March 23 – 26, 2006. Venue: Pyle Center, UW-Madison.
International Symposium on the African Diaspora and the Disciplines
Wednesday, February 22, 2006 – Seminar.
Toni Pressley-Sanon, The Uses of Zonbi: A Haitian Icon’s Convergent Meanings Across Temporal and Geographical Divides (to access this paper, contact Toni Pressley-Sanon at firstname.lastname@example.org for required username and password)
In a bar, surrounded by kids with bloated bellies and skeletal dogs, Hector Hyppolite paints gods with a brush of hens’ feathers. Saint John the Baptist turns up in the evenings and helps him.
Hyppolite portrays the gods who paint through his hand. These Haitian gods, painted and painters, live simultaneously on earth and in heaven and hell: Capable of good and evil, they offer their children vengeance and solace.
Not all have come from Africa. Some were born here, like Baron Samedi, god of solemn stride, master of poisons and graves, his blackness enhanced by top hat and cane. That poison should kill and the dead rest in peace depends upon Baron Samedi. He turns many dead into zombies and condemns them to slave labor.
Zombies—dead people who have lost their souls—have a look of hopeless stupidity. But in no time they can escape and recover their lost lives, their stolen souls. One little grain of salt is enough to awaken them. And how can salt be lacking in the home of slaves who defeated Napoleon and founded freedom in America (Galeano 1988: 124-5).
Wednesday, January 25, 2006 – Seminar.
Adam Malka, The Haitian Evolution: Diasporan Consciousness and Emigration in Nineteenth Century America (to access this paper, contact Toni Pressley-Sanon at email@example.com for required username and password)
Wednesday, November 30, 2005 – Seminar. Venue: 336 Ingraham | Time: 3-5 p.m.
Professor Madeleine Wong, Neither Here Nor There?: Negotiating Belonging and Betweenness in the Ghanaian Diaspora
Monday, November 28, 2005 – Roundtable: Why Is France Burning? Venue: 206 Ingraham | Time: 3-5 p.m.
For several weeks now, (sub)urban violence in France has grabbed the headlines. In order to try to make sense of these events, faculty members interested in the study of France from several disciplines have organized a roundtable on Monday November 28, 3-5 pm, 206 Ingraham. Sponsoring units: Department of French & Italian, Department of History, Department of Sociology, Center for Interdisciplinary French Studies, Center for European Studies, and the African Diaspora & the Atlantic World Research Circle.Participants and Tentative Titles:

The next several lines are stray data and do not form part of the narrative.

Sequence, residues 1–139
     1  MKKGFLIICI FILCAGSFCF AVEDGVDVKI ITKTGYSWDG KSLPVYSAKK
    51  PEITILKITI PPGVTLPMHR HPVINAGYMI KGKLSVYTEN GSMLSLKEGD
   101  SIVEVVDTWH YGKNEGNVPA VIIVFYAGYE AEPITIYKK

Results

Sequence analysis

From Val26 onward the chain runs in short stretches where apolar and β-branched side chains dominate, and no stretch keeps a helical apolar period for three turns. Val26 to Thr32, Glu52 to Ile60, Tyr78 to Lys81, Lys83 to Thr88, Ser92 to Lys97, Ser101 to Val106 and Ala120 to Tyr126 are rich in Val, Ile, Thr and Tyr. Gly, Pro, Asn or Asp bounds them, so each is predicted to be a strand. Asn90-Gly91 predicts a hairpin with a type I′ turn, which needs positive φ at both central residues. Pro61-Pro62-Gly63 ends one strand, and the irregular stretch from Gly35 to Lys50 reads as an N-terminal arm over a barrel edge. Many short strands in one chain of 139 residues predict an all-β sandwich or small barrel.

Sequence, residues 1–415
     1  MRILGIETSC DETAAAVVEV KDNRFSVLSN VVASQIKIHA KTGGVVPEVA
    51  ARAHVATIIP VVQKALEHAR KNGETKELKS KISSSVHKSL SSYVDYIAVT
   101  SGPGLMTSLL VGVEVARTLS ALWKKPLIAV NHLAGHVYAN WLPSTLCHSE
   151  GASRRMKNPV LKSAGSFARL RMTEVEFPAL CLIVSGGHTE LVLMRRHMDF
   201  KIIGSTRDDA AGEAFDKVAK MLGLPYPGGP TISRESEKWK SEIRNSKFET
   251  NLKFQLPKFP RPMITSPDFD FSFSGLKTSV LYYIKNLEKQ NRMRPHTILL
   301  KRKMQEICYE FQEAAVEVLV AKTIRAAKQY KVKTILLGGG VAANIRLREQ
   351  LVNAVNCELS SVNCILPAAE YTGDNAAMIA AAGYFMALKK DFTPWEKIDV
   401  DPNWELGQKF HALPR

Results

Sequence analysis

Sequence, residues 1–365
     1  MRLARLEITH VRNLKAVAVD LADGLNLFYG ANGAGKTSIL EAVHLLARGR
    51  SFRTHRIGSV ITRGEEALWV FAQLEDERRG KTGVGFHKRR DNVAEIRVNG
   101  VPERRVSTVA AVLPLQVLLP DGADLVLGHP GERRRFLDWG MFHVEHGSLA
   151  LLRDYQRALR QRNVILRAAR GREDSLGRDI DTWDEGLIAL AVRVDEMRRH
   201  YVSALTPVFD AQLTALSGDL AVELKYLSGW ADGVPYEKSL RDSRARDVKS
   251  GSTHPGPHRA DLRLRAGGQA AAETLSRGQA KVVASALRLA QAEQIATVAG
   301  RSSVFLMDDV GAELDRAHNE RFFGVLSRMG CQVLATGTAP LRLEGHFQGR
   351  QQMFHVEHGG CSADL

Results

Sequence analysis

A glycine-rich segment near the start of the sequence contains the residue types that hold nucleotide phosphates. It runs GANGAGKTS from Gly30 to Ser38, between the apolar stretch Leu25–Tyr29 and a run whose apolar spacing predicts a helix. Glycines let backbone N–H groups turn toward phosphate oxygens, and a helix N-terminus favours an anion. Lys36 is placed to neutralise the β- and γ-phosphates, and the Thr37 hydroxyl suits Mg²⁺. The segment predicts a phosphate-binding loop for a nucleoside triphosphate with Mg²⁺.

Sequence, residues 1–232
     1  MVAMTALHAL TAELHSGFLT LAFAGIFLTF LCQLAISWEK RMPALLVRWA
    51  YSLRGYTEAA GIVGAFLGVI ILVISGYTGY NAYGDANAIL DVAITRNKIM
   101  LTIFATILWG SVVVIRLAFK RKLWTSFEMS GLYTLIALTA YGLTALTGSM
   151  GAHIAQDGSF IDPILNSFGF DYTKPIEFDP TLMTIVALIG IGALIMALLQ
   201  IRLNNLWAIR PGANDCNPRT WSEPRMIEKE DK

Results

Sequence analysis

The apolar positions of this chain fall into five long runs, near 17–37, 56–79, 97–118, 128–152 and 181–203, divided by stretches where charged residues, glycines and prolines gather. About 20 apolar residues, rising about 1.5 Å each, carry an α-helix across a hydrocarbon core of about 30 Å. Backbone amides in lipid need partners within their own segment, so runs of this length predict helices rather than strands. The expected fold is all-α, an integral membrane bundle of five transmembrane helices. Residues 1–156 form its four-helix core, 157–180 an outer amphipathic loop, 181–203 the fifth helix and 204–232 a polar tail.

- Gilles Bousquet (Dean, International Studies/French & Italian), Welcome Remarks & Introductions
- Richard Keller (History of Science/Medical History & Bioethics), “Immigration and the Banlieue: Sites of Memory, Sites of Pathology.”
- Ivan Ermakoff (Sociology), “Discrimination, Denial and Contempt.”
- Deborah Jenson (French & Italian), “The ‘Pétroleurs’ of the Fifth Republic: Insurgency, Alterity, and Memory in France.”
- Laird Boswell (History), “Why now, why there, and what next?”
- Aliko Songolo (French & Italian/African Languages & Literature), “L’Afrance.”
- Florence Bernault (History), “Colonial Debt and Paternalism.”
Wednesday, October 19, 2005 – Seminar. Venue: 206 Ingraham | Time: 3-5 p.m.
Deborah Jenson, Diasporan Discursive Agency: Haitian Revolutionary Leaders “Spin” Freedom In the World Media, 1791-1804 (to access this paper, contact Toni Pressley-Sanon at firstname.lastname@example.org for required username and password)
The dialectic of master and slave in Hegel’s model of unhappy consciousness was deeply informed, according to Susan Buck-Morss in “Hegel and Haiti,” by the philosopher’s reading of news stories about the revolution by slaves in the French colony of Saint-Domingue (which subsequently became the nation of Haiti). To make this case, Buck-Morss examined the unusually extensive media coverage of Saint-Domingue in the newspaper Minerva between 1804 and 1805. Buck-Morss’ analysis of the diffusion and reception of information about Haiti in the German media raises the question of the intellectual reception of the Haitian Revolution in other countries, notably France. Yet the significance of the reception of news of the revolution cannot be properly understood without considering the more fundamental question of how news was produced within and exported from Saint-Domingue during the revolution, and what role the ex-slaves played in disseminating their political demands and interpretations of events. In reconstructing that role, I argue that the discursive agency manifested by ex-slaves in proclamations, official correspondence, and other published statements in the media represents an important dimension of nineteenth-century decolonization and a historical “first” within the African slave diaspora.
August 26 – September 25, 2005 – Exhibition of — and lectures on — Siddi quilts
The quilts, created by the Siddi people who are descendants of enslaved Africans taken to India, will be on display at the SoHE Gallery of Design in the Human Ecology Building. Our own Henry Drewal, Evjue-Bascom Professor of African and African Diaspora Arts in the Department of Art History, founded the Siddi Women’s Quilting Cooperative in 2004.
For more information regarding the quiltmaking cooperative and Professor Drewal’s work among the Siddi please go to: http://www.news.wisc.edu/11407.html.Professor Drewal will give a talk on the Siddis at the African Studies Program’s Sandwich Seminar on September 14th at noon in room 206 Ingraham Hall. The lecture is entitled “The Siddis (Africans) of India: Arts and Agency”. Professor Drewal will talk about the exhibition and the quilting cooperative on Sept. 18th at 2 pm in room 21 in the Human Ecology Building.